Attackers Gearing Up for Cyber Monday With Scams, Deals

Criminals and scammers are targeting online shoppers looking for deals with too-good-to-be-true offers for Cyber Monday.

Holiday shoppers planning to search for that perfect gift are gearing up for online deals on Monday after Thanksgiving. Security experts warned that scammers are also ramping up their efforts for the biggest online shopping day of the season.

With close to $1 billion in online sales, last year's Cyber Monday surpassed Black Friday as the highest-volume day for holiday shopping. This year's Cyber Monday is shaping up to be even bigger, with shoppers expected to do more than a third of their holiday shopping online, to the tune of $1.2 billion, according to the National Retail Federation.

"Even more holiday shopping will happen online this year than last, and that means more scammers will be looking to do some shopping of their own-possibly at your expense," said Stephen Cobb, a security evangelist for ESET.

The search term "Cyber Monday Deals" has seen a 400 percent increase in the month of November, according to search statistics available from Google. Cyber-criminals created fake Websites targeting keywords such as "tech," "jewelry" and "toys" that poison search and appear high on results pages. When users land on these optimized pages, they are redirected to other malicious sites that download malware onto their computers or trick them into divulging personal information.

Enterprises are also at great risk on Cyber Monday, since a significant chunk of the online shopping will occur while people are at work. In fact, almost 60 percent of the nearly $900 million in online purchases two years ago on Cyber Monday were made from the workplace, McAfee said. While shopping, consumers will be "putting their organizations at risk for malware, spam, phishing scams" and other threats, the company said.

Scammers are also pushing out malicious emails pretending to have special Cyber Monday deals. Users should "beware of everything and everybody," Michael Sutton, vice-president of security research at Zscaler ThreatLabZ, told eWEEK. Users need to be "cautious, vigilant and wary about everything," including search results, what links to click on, what information is provided online, who sends a message on social networks and what emails arrive in the in-box, according to Sutton. Users should not click on links to avail themselves of deals-since if it sounds too good to be true, it probably is.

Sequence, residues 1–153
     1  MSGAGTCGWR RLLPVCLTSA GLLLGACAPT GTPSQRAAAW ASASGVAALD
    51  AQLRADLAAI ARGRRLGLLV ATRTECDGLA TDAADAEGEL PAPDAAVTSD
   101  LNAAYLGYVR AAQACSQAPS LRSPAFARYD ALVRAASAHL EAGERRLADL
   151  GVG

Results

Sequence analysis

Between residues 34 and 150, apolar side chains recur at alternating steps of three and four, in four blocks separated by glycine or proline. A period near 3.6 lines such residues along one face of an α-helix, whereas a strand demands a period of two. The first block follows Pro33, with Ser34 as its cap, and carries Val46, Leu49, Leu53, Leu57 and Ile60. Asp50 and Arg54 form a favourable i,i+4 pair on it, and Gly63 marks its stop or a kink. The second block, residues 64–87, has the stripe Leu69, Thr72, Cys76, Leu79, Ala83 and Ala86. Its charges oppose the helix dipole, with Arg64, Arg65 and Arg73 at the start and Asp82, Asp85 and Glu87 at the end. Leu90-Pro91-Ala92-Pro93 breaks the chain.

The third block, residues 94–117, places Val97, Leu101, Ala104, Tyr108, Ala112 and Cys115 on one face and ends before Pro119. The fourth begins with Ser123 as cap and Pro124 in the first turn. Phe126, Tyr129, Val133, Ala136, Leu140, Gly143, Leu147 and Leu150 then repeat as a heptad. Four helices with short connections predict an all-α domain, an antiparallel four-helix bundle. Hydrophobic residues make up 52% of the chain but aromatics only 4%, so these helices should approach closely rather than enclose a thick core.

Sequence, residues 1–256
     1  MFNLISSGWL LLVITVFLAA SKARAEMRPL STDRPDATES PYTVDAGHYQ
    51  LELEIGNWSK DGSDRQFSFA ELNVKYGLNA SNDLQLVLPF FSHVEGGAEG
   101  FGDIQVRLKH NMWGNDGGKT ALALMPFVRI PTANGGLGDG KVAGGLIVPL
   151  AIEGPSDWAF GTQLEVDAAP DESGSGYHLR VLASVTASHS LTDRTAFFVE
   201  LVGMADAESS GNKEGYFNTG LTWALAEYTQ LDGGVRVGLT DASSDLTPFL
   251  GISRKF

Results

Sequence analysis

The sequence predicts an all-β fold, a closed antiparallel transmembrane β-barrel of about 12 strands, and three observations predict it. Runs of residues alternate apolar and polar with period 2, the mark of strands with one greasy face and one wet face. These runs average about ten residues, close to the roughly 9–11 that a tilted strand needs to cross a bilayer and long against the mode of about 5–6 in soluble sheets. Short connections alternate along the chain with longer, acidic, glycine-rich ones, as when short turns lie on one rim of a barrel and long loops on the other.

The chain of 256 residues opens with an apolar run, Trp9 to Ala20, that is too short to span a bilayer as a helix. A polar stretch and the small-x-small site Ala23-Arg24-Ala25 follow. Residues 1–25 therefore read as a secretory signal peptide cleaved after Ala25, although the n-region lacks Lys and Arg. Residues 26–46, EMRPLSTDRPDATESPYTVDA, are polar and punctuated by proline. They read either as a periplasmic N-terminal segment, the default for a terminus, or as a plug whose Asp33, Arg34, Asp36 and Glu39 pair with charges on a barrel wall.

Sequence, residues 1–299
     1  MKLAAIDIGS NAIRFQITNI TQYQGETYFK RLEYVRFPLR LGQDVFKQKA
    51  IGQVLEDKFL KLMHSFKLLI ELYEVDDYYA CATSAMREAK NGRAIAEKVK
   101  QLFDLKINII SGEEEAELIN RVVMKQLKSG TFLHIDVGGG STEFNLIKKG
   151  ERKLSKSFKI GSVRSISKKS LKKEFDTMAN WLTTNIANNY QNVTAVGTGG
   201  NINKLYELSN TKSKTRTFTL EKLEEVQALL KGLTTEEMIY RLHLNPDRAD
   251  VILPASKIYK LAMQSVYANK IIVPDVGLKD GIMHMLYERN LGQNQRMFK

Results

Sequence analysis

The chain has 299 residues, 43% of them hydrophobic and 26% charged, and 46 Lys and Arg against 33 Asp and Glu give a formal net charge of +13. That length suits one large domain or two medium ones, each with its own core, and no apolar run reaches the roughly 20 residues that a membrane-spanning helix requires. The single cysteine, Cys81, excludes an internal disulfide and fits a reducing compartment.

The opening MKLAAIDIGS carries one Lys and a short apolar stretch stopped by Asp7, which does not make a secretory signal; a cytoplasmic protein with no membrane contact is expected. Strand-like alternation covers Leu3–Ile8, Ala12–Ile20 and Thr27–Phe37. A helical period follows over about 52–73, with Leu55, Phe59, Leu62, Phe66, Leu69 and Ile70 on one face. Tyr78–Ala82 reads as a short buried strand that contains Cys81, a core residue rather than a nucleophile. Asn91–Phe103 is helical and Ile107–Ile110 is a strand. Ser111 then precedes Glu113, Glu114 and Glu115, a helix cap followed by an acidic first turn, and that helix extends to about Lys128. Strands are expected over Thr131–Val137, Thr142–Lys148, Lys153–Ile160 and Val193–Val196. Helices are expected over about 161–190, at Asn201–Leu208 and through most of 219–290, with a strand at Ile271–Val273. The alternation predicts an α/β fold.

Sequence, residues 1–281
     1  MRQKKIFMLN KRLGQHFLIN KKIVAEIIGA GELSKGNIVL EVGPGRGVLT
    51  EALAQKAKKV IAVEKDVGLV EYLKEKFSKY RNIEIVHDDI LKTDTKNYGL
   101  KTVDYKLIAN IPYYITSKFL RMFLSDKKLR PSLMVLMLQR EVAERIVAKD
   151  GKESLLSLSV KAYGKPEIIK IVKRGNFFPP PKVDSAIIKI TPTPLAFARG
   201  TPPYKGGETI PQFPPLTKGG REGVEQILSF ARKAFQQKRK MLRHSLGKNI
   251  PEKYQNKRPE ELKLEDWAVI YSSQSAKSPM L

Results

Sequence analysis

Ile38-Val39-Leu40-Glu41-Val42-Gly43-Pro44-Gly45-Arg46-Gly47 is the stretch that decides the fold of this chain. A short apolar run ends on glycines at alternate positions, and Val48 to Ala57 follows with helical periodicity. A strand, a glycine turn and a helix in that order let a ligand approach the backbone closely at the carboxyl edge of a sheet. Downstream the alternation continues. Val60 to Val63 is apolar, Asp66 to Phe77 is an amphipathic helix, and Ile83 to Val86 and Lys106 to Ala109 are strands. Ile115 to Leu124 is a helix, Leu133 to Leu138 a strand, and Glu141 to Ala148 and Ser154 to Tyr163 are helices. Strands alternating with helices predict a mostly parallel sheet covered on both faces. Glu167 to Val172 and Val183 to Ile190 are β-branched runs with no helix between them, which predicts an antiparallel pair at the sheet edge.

Zscaler and McAfee recommended that organizations remind employees to be aware of social engineering tricks and offer examples of common scams, such as fake e-cards and offers of free expensive gadgets or deals.

For example, the research team at German security company "eleven" warned about emails promising a $50 iTunes gift certificate. The messages come with the subject line "iTunes Gift Certificate" and have a Zip file attached, which allegedly contains the special shopping code to use on the site. When the Zip file is opened, it actually executes the Trojan that installs itself and phones home to a remote server for additional instructions, eleven said.

Employees should make sure their operating system has the latest patches and that all software, Web browser and security tools are up-to-date. Users need to exercise caution when going online, regardless of the device being used, whether it's a laptop or desktop, a mobile device or a Web-enabled device.

McAfee even recommended monitoring user activity or locking down Internet access to cut down the probability of malicious activity within the organization. Since employees are just as likely to use their devices when shopping instead of using the company-issued system, Staples recommended segmenting the network, such as creating a "guest network," to separate network traffic generated by personal devices from corporate resources.

Users should also shop from major retailers and reputable sellers known for delivering what they offer. The online merchant should have invested in basic security measures, such as having a valid Secure Sockets Layer (SSL) Web server certificate from a reputable provider, Mark Bower, a vice president at Voltage Security, told eWEEK. All transactions, regardless of the device being used, should be done over a secure connection because, otherwise, a third party can intercept the information.